Exercise Science Essay Sample
- Pages: 5
- Word count: 1,119
- Rewriting Possibility: 99% (excellent)
- Category: exercise
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Introduction of TOPIC
Describe your exercise habits. If you do not have exercise habits, describe the habits that you would like to incorporate into your personal training.
Since my plan is to lose 20 to 30 pounds over the next year, I’m setting up an exercise regimen that will gain about 150 minutes per week of moderately intense aerobic exercise. Five days a week, recuperation and resting on the weekend. I will incorporate strength training, trying to work all the parts of my body equally. I normally slow to moderate paced walking 30 minutes for five days at 5:00 p.m. before I begin making supper. On Tuesday I walk around the grounds at work because classes are on that day and I do not go home until after school.
Explain why locomotion movements, non-locomotion skills, and object manipulation skills should be taken into consideration when planning a program of physical development. Which types of movements and skills will you include in your exercise habits for personal training? Why?
Locomotion movements are easy to do because they are part of my natural movements. I am more likely to include slow to moderate walking, dancing or cleaning house because these movements are familiar to me. Non-locomotion movements (using my upper body) will help to build strength and stretch muscles, while burning calories through bending and twisting/turning. Object manipulation is good for coordination. I will incorporate all three of these skills because they use my normal movements in a repetitive fashion which I think is good because it is known to me.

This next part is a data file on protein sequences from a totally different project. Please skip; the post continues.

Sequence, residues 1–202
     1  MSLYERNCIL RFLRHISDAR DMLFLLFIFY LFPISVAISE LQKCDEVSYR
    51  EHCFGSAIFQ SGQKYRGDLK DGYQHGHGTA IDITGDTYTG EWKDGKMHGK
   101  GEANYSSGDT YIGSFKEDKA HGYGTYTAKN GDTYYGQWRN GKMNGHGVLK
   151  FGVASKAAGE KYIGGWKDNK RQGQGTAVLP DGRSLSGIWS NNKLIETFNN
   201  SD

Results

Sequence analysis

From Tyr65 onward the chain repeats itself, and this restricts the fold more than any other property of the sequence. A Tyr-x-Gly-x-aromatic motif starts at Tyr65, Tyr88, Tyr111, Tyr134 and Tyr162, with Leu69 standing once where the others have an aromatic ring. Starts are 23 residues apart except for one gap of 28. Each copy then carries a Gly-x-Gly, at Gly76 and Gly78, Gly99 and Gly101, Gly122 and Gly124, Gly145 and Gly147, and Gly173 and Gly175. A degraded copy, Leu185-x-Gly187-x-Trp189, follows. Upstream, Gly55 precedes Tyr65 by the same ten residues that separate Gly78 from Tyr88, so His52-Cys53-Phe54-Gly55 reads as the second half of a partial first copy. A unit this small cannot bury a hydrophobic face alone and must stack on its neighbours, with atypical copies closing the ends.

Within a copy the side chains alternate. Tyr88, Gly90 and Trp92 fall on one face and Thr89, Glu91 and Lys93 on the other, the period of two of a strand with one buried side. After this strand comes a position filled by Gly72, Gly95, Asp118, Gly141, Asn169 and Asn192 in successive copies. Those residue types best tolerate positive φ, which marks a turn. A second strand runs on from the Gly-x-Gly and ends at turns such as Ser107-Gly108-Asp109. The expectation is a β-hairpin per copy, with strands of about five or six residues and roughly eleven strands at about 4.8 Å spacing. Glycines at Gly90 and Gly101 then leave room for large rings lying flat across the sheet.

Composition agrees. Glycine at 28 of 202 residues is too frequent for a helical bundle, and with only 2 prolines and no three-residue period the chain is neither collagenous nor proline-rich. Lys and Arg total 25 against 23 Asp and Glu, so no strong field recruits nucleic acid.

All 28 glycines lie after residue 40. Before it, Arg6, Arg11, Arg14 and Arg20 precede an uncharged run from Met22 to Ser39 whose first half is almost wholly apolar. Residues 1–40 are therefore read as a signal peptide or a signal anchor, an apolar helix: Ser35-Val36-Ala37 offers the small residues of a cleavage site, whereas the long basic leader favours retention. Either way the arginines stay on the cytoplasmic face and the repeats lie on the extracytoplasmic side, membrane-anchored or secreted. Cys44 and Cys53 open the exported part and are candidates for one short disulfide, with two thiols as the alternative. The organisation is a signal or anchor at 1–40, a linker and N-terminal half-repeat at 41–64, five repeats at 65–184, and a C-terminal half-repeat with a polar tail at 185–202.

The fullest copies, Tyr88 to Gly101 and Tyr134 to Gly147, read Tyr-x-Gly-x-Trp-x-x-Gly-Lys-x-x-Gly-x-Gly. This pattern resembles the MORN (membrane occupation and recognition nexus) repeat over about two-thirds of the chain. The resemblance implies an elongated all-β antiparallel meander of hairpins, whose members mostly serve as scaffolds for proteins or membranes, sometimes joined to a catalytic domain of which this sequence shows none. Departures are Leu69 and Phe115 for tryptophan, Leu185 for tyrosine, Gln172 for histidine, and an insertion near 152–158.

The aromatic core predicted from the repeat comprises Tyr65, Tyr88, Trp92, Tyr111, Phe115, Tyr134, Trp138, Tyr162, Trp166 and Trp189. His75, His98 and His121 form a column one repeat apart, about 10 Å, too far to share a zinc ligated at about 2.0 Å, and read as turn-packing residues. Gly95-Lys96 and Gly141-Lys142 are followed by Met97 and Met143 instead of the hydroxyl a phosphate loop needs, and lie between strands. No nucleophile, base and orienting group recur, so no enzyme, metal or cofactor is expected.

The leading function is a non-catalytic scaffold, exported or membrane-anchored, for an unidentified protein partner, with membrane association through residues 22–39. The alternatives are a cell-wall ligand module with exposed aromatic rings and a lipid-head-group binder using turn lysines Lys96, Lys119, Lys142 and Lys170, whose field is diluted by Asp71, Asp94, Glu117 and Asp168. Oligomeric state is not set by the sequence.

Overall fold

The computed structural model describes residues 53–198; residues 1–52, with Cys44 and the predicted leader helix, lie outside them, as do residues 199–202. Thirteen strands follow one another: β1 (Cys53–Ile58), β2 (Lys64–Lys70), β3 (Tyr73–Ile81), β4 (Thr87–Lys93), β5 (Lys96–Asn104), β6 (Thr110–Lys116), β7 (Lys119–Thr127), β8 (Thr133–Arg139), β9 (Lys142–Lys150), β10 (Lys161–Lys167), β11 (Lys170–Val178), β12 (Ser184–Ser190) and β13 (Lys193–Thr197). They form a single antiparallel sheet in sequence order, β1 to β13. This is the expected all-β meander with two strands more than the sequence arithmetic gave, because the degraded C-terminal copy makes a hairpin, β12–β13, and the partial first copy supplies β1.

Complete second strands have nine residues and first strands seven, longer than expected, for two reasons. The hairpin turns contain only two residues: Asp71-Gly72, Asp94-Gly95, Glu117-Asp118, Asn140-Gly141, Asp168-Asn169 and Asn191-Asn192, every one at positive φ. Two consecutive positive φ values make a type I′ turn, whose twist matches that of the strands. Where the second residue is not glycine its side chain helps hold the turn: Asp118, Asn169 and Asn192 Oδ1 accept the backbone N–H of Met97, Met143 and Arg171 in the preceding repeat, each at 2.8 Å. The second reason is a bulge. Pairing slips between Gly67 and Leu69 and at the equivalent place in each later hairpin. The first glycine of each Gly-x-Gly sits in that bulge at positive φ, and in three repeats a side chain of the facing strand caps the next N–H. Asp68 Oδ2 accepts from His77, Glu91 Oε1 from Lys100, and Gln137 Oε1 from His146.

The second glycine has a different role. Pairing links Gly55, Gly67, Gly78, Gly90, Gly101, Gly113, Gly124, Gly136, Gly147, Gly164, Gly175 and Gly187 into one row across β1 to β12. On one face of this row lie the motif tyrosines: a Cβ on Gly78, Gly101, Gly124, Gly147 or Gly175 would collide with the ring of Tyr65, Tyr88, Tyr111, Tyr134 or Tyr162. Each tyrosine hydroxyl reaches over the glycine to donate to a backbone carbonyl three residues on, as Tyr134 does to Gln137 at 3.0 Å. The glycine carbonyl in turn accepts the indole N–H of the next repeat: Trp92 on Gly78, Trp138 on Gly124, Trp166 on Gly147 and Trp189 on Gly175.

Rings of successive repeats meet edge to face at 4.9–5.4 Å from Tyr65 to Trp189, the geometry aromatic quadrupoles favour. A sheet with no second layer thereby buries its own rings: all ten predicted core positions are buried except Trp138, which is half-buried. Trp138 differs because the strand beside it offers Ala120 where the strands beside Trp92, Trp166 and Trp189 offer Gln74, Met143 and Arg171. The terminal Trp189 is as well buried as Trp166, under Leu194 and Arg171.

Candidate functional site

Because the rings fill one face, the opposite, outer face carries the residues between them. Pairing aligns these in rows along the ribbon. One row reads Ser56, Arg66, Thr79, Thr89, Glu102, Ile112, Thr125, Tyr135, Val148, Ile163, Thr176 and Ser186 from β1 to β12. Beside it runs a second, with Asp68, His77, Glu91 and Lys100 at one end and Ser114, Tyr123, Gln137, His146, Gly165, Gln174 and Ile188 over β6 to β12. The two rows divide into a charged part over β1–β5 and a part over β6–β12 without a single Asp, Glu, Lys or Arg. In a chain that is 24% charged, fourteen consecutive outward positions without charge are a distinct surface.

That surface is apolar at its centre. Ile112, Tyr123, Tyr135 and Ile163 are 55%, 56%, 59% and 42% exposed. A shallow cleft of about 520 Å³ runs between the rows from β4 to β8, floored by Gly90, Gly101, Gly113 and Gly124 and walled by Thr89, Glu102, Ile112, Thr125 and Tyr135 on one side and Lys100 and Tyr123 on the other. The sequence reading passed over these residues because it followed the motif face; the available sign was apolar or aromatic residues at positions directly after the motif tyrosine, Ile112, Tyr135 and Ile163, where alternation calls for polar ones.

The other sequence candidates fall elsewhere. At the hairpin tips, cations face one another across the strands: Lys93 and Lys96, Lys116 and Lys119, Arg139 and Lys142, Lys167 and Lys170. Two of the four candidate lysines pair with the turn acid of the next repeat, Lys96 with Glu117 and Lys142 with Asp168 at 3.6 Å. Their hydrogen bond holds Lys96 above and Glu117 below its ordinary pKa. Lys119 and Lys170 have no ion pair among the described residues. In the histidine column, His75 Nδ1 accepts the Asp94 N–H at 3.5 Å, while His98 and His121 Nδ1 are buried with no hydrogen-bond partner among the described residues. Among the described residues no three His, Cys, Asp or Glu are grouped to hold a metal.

Explain how each energy system is affected by your exercise habits. Which one(s) are more prevalent in your plan?
Energy is needed for maintenance, growth, everyday activities and exercise (Energy Systems in the Body). The strength and length of my exercise regimen will determine how much energy is required. As my exercise increases, so does my heart rate and my breathing, requiring more oxygen. The aerobic energy system will be used. As the exercise increases and the oxygen requirement cannot be met, the anaerobic system is used since it produces energy without the use of oxygen.
I am most concerned with my aerobic system at the beginning and then at the peak of my exercising. I am thinking of my aerobic system because that is where the weight control (as food stores burn) wi
ll be. When doing my strength training, my anaerobic system will be engaged, adding strength through
List the units of exercise and the time required to enhance physical adaptation.
I walk slowly or at a moderate pace 30 minutes a day for a total of 150 minutes a week. In order to adapt, I plan to break up the 150 minutes to include 45 minutes of strength training. I intend to increase the strength training by a repetition a week. In will increase the aerobic training by adding some time on a stationary bicycle. I anticipate that this will take approximately 3 to 6 months to accomplish.
Describe the impact of the exercise as it relates to either aerobic or anaerobic power.